I was doing a home visit to see Sylvia, an older lady whose illness prevented her from leaving her home. Her daughter greeted me at the door. "Thanks for coming doctor. Can I get you a cuppa? Milk and sugar?". "Yes please, but no sugar thanks, I'm sweet enough". Those that know me well, family colleagues or patients, are all too aware I'm definitely not "sweet enough". But that aside, I just don't like sugar in my tea! Not so the vast majority of the population it seems. January has seen the usual rush of miracle diet offers and, unusually this year, a full frontal attack on sugar. The press reported this new "demonisation" of sugar and claimed we, as a nation, are addicted to sugar. Suddenly "low-fat" is yesterday's story. Sugar is the "new tobacco" and campaigners are calling for government action, a tax on sugary drinks and a complete ban on sugar from our diet. That, the campaigners claim, will stop the obesity epidemic and save the health of the nation. But will it really?
Now I have some sympathy with this story. Everybody knows too many of us, two thirds of the adult population, are overweight or obese, and that leads to type 2 diabetes, high blood pressure, heart disease and strokes, and some forms of cancer. Now, there's no doubt that excessive consumption of sugar is part of the problem. It's everywhere. The popularity of low-fat foods has caused the food manufacturers to add sugar to fill the gap, prolong shelf life and make their food products more appealing. Just a shame "appealing" has to equate to "unhealthy". Our sweet tooth has grown so much that even the fruit we now buy is sweeter than it was a generation ago. While I know we do consume too much sugar, in drinks, processed foods, even soups and breads, I don't think it can, or should be removed altogether. It would be a brave (and foolish) government that tried to do that. But less would be good. My main problem with this new campaign is that by focussing completely on sugar, by demonising it, they let fat off the hook. But they also fail to highlight the importance of physical activity. A lack of physical activity in our children is at least as much to blame as excessive fat and sugar intake. The plain truth is we need to tackle all three: sugar, fat and exercise.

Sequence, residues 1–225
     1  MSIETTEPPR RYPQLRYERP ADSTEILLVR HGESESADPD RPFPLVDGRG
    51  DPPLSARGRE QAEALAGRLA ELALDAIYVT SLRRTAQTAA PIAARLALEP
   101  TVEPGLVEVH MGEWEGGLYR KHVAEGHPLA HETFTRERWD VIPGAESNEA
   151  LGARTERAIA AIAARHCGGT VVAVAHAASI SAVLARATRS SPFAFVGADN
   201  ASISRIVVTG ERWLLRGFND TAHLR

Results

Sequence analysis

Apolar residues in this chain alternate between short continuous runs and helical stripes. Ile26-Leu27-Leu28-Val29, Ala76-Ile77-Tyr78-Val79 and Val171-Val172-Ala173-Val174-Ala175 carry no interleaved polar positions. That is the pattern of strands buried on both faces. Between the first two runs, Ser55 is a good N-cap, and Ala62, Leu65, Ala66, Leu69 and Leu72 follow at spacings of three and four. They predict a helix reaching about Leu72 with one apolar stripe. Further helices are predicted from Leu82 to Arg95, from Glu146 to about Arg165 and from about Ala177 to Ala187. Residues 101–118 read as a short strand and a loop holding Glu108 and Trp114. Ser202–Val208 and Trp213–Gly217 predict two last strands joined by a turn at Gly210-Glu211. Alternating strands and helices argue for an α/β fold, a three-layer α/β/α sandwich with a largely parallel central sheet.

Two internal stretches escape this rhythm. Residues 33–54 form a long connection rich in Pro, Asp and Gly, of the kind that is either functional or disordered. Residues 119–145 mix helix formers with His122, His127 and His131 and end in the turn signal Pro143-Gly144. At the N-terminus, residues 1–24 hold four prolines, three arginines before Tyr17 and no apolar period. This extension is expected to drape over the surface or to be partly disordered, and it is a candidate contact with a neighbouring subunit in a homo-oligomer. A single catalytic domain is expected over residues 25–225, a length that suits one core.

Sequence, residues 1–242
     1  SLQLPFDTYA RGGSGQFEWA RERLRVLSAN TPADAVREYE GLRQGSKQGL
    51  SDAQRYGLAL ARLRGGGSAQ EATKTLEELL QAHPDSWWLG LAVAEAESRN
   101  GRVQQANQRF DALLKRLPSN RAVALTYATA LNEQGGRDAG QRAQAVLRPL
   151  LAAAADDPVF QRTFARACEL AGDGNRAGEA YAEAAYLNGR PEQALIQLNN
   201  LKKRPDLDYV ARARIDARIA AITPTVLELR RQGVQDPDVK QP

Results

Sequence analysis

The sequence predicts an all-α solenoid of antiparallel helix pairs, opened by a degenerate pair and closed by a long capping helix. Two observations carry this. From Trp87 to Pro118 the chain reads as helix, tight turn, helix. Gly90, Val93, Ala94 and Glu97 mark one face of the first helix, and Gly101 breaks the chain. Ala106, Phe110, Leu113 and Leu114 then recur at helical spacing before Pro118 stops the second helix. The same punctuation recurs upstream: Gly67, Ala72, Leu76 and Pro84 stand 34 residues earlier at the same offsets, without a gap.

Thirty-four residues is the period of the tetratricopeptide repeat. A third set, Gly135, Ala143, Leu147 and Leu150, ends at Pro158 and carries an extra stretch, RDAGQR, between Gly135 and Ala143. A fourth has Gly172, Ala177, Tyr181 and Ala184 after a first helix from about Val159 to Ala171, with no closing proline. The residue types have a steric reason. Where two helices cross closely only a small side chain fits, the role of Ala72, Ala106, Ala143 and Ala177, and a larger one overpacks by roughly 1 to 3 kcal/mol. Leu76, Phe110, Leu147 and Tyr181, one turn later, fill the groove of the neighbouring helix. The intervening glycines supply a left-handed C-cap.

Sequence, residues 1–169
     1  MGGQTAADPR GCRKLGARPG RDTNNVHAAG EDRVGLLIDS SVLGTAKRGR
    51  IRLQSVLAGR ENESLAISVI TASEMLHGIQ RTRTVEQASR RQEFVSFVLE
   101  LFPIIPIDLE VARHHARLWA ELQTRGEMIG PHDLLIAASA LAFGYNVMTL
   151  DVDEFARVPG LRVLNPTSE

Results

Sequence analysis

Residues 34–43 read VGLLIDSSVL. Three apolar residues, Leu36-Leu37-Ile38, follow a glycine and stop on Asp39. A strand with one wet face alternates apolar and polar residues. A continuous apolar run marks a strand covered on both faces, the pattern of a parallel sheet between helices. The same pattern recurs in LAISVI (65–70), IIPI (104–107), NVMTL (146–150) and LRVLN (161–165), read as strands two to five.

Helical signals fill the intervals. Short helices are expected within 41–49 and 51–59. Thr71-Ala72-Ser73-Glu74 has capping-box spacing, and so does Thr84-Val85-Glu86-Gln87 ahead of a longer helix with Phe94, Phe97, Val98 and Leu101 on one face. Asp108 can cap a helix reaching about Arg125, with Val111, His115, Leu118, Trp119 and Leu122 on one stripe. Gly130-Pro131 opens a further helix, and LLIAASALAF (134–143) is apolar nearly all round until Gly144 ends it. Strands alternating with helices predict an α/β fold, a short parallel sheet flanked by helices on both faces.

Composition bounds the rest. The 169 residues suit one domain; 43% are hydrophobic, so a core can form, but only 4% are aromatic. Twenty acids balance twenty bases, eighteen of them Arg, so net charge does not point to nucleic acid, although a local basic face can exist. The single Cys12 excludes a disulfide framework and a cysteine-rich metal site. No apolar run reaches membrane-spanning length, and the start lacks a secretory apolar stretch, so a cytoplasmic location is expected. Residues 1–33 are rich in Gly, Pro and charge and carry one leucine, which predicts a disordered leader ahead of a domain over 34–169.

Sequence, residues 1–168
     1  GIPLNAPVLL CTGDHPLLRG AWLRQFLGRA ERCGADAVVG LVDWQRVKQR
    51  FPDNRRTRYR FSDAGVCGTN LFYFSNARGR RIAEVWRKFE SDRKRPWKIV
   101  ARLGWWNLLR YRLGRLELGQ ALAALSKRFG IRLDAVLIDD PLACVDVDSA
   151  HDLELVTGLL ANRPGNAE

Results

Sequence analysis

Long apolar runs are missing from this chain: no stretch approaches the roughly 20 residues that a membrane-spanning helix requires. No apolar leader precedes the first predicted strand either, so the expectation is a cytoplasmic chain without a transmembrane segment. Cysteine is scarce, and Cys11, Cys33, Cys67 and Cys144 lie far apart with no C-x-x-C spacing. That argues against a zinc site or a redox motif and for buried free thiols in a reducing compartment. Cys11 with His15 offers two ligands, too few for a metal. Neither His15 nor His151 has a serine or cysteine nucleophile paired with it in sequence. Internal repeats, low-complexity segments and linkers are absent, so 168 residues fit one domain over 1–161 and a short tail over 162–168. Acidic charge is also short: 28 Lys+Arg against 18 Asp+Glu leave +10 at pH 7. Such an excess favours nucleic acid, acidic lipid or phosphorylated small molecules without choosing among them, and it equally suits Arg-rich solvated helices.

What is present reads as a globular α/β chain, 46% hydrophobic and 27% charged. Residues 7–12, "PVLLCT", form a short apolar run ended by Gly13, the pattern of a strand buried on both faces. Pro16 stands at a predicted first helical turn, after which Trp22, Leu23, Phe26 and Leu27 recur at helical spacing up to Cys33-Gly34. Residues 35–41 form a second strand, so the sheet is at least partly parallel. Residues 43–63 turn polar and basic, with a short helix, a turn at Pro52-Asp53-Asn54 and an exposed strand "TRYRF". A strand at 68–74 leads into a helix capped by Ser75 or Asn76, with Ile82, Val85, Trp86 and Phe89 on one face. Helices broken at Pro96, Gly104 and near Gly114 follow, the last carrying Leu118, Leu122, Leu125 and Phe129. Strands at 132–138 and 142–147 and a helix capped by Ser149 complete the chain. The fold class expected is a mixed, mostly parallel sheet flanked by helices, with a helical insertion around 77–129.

In my experience any "diets" which focus too narrowly on cutting out one type of food or doing one type of exercise are doomed to failure. We are much more complicated human beings than that. It's all about balance.
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